One-Slam Wonders: Washington’s Wimbledon journey
Ah Wimbledon 1996. The year that brought us a surprising winner and an unseeded finalist. The year that brought us an impromptu concert by Sir Cliff Richard. The year that brought us Melissa Johnson. Who is Melissa Johnson, you ask? The infamous 1996 Wimbledon final streaker, of course.
But this is not about that incident (although we might throw in a picture lower down on this page), this is about MaliVai Washington’s incredible run that year.
Washington started the tournament with only four ATP Tour singles titles to his name and was unseeded, but to be fair to him, he was ranked 20th in the world at the time.
The field was as strong as ever with Pete Sampras the top seed while Boris Becker, Andre Agassi and Goran Ivanisevic were also in the draw.
On paper it appeared to be a relatively easy first-round match for Washington as he was up against journeyman Richard Fromberg, but he required just over three hours to see the Australian off 6-3, 7-6, 6-7, 7-5.
Ninth seed Thomas Enqvist awaited him in the second round, but the Swede was beaten 6-4, 7-6, 6-3 while Bhodan Ulihrach was dispatched 6-3, 6-3, 6-0.
Dutchman Paul Haarhuis didn’t fare much better in the fourth round as he lasted only 1h43m as Washington ran out a 6-3, 6-4, 6-2 winner.
With the seeded players enduring a nightmare first week at Wimbledon – only four made it into the quarter-finals – it meant Washington would face another unheralded player in Alex Radulescu in the last eight.
However, it was anything but easy as the German took it to five sets as he went down 6-7, 7-6, 5-7, 7-6, 6-3 in 3h21m.
Things, though, would get even tougher in the semi-finals as he came up against compatriot and 13th seed Todd Martin, who beat Britain’s Tim Henman in the previous round.
Martin was the overwhelming favourite and was up two sets to one before Washington took it to a decider by winning the fourth set 6-3. Again Washington found himself staring down the barrel when Martin was serving for the match and a place in the final after he opened a 5-1 lead.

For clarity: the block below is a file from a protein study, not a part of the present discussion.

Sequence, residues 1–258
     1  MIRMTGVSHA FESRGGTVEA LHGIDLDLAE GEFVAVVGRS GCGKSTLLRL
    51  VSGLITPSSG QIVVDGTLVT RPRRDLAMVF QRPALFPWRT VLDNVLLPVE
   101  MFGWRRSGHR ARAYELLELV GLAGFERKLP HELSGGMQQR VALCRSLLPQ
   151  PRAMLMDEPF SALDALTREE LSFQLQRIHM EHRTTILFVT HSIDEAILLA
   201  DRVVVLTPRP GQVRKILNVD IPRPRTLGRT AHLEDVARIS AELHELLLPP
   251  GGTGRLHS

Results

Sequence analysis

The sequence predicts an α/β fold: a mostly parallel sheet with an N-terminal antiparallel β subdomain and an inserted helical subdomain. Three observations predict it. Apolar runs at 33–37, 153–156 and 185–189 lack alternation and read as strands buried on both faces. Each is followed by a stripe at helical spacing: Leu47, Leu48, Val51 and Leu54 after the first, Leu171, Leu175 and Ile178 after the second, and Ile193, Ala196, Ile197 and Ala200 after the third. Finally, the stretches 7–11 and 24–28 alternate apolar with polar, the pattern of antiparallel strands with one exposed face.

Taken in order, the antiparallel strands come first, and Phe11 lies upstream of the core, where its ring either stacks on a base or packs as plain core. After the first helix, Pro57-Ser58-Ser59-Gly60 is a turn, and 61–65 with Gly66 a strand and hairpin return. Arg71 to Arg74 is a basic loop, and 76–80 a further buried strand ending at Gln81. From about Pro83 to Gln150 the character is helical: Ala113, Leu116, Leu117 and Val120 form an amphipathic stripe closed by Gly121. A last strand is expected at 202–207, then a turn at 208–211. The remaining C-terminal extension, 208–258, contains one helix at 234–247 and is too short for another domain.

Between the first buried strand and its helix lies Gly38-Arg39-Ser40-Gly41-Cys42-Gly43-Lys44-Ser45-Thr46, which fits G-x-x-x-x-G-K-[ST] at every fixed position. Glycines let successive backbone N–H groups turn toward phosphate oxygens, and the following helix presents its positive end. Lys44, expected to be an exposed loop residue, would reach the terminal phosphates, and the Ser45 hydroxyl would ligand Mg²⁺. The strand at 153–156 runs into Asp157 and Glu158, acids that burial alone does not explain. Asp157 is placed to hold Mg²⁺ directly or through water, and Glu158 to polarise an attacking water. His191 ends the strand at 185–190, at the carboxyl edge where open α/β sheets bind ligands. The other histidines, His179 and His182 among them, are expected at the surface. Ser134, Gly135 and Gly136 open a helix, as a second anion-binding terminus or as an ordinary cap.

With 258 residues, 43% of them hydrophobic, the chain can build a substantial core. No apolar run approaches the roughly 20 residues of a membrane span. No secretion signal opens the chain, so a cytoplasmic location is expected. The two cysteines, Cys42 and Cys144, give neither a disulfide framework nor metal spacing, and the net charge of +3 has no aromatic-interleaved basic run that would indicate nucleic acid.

Somehow the American managed to break Martin twice in a row to bring things level and then had a ding-dong battle as they played a total of 18 games in the fifth set.
The 27-year-old held his nerve to win 5-7, 6-4, 7-6, 6-3, 10-8 in a match that was just 11 minutes shy of four hours.
And so into the final marched the unseeded Washington, where the 17th-seeded Richard Krajicek awaited him.
The match started off in interesting fashion as streaker Johnson dashed across Centre Court as the two finalists posed for photos.
Sadly for Washington he didn’t really show up for the final as Dutchman Krajicek needed only 94 minutes to win 6-3, 6-4, 6-3.
It was also as good as it got for him in terms of majors as he only played in three more Grand Slam tournaments as he was forced to retire from tennis in 1999 due to a knee injury.
Washington’s run, though, was unbelievable and will live long in the memory, and he saw the lighter side of things after the match.
“I look over and I see this streaker …” he said “Gee, she smiles at me. She had on an apron. She lifted it up and she was still smiling at me. I got flustered, and three sets later I was gone. … That was pretty funny.”
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